As you probably know I love old cookery books with old recipes.Charity shops are my biggest source for such finds and nothing makes me happier to find an old book that’s been pre-loved and passed on to be found and loved again.
I found recipe in an 80′s slow cooker recipe book but as usual I’ve had a bit of a fiddle.The cinnamon sticks replaces ground cinnamon, I’ve used the apples differently from the original recipe but the alcohol content is the same.This punch is very warming and pleasant to drink and can be easily steadily drunk without realising it was having an effect on you.
Slow Cooker Halloween Punch
1 litre (2 pints) dry cider
1 cinnamon stick, broken into two
2 apples, cored and thinly sliced
2 tbsps light brown sugar
1 orange sliced
150 ml (14 pint) gin
Preheat the slow cooker on HIGH.Pour the cider into the slow cooker.Place the cinnamon stick pieces and cloves into a small piece of muslin and tie with string.Carefully hang the bag into the pot and leave the string to dangle over the side.Add the apple slices.Leave on HIGH for one hour.Remove the muslin bag, add the sugar, stirring until dissolved.Turn to LOW and add the orange slices.Stir in the gin just before serving.
Samhain, The Celtic New Year is a day where we remember our ancestors who have gone before us.We think of relatives and friends who have died, particularly in the last year.It is a very sombre occasion very different from the commercial Halloween that is celebrated on this day.Halloween has origins in Pagan traditions but have lost it’s meaning and significance because of the commercialism we see today which does sadden me some what.As a parent I always explain with the children the holidays and special days that have Pagan origins.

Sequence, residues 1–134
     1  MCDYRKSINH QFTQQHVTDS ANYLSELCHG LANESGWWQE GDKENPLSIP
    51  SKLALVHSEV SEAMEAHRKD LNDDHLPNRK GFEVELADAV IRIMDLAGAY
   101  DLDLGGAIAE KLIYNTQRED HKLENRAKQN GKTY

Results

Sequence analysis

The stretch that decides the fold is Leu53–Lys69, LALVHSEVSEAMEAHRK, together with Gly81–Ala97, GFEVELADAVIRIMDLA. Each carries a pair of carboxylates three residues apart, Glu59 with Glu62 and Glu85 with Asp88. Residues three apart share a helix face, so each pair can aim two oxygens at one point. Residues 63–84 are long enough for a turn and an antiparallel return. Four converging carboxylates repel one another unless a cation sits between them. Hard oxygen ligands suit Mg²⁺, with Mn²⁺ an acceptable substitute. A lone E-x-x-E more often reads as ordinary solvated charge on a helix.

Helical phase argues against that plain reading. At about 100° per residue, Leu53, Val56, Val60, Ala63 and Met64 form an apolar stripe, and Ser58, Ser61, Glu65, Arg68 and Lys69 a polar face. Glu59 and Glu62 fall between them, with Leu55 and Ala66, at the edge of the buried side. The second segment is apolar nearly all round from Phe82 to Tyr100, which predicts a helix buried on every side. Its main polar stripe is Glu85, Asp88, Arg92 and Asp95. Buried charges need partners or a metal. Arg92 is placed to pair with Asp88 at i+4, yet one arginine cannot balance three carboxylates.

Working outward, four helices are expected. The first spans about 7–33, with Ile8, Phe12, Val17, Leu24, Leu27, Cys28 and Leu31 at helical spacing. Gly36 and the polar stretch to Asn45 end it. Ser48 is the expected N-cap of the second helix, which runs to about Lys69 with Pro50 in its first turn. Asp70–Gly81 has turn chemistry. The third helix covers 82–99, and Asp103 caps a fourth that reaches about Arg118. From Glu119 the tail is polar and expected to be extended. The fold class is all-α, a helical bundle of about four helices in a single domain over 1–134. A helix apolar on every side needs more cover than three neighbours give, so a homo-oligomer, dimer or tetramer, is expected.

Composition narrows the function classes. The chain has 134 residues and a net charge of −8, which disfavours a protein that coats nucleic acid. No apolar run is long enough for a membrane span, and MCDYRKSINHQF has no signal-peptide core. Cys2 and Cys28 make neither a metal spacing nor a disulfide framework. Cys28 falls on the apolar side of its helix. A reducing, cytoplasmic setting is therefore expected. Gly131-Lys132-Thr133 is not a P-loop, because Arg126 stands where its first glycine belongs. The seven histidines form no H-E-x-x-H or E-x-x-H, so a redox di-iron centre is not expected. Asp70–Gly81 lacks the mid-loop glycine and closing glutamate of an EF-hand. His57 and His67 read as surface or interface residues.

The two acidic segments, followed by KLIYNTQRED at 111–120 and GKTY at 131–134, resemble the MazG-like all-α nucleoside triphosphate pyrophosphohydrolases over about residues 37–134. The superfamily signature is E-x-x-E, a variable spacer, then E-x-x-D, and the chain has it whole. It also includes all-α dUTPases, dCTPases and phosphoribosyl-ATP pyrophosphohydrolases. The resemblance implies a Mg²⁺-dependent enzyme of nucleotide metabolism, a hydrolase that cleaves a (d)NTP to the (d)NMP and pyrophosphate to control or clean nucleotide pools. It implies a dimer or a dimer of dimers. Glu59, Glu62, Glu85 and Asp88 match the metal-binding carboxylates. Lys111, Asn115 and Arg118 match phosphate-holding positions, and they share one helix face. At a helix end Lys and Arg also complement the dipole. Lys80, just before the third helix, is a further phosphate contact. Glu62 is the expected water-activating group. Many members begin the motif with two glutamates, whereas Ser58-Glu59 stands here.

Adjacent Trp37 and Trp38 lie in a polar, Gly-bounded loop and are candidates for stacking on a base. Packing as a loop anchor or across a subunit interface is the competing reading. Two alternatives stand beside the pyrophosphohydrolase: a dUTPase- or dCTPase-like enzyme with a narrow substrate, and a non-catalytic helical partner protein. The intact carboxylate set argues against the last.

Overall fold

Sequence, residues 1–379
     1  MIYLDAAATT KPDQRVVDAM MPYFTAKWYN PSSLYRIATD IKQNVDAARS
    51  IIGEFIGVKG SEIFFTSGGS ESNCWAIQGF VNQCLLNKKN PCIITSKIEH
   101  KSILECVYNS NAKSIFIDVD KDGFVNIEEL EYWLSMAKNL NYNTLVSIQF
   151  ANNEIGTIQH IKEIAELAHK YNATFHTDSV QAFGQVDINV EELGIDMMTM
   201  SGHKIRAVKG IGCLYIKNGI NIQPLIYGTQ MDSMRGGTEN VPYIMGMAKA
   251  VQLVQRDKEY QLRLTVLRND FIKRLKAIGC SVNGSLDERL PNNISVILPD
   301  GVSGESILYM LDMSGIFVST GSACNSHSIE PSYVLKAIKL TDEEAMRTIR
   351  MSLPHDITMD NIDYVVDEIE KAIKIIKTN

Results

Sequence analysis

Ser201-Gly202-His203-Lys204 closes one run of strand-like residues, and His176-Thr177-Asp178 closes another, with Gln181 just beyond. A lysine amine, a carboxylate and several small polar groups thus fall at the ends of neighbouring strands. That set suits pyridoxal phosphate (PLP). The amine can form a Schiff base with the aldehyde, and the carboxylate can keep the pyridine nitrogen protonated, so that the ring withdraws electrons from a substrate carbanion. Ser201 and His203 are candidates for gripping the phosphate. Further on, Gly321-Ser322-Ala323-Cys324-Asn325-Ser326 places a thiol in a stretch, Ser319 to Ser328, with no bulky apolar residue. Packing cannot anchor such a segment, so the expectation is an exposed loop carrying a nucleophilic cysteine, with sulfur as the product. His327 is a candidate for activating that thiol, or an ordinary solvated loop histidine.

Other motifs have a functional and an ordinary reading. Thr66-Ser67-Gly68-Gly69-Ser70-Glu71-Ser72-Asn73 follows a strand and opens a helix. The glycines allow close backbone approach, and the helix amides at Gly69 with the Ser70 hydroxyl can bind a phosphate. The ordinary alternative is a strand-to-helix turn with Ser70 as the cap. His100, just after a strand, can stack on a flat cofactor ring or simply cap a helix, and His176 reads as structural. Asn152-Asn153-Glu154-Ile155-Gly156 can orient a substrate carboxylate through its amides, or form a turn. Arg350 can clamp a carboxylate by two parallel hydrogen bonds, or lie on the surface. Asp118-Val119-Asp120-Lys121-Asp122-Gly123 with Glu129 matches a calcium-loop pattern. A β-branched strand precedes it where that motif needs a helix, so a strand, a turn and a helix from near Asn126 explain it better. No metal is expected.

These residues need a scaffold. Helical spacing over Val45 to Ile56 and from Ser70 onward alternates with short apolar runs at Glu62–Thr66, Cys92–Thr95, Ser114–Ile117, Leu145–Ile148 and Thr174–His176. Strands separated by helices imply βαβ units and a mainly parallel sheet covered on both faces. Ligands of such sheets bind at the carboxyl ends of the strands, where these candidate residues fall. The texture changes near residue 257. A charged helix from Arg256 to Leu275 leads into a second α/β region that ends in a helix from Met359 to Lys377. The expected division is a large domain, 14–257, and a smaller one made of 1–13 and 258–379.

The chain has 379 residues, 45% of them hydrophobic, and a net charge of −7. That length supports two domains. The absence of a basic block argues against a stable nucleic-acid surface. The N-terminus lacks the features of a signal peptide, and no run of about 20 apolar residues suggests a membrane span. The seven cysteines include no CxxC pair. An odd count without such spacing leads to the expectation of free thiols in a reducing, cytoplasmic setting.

Last Saturday I went to Avebury Stone Circle for the Samhain Gorsedd.It’s the first time I have vivisted in two years so it was nice meet up with old friends.The circle lasted about an hour where the meaning of Samhain was explained, poems read and songs sung.We remebered those who had died that year when a stafff was passed around as names were called out.Cakes and mead also passed round where each person would say to the person stood next to them in the circle, “May you never hunger” when offering the cake and “May you never thirst” when mead was passsed to the next person.
After the ritual I warmed with half an ale and shared bowls of chips my friends and we left Avebury to visit West Kennet Long Burrow not far from Avebury and in view of Silbury hill.West Kennet is a Neolithic burial site, it was very eerie inside but very pearceful at the same time.High on the hill we stayed inside for about 10 minutes taking in the atmosphere and looking at the stones and the chamber.
Samhain, The Celtic New Year celebrates the end of an old year and the beginning of a new one as the 8 festilvals are represented as a wheel.This is cyclic like the revolving Sun and the ebb and flow of the Moon’s cycles.Yule is the next festival celebrated on or around the 21st (this is based on the Sun’s position so it differs each year between the 20th-21st December) and was Christianised as Christmas.I talk about in more detail next month.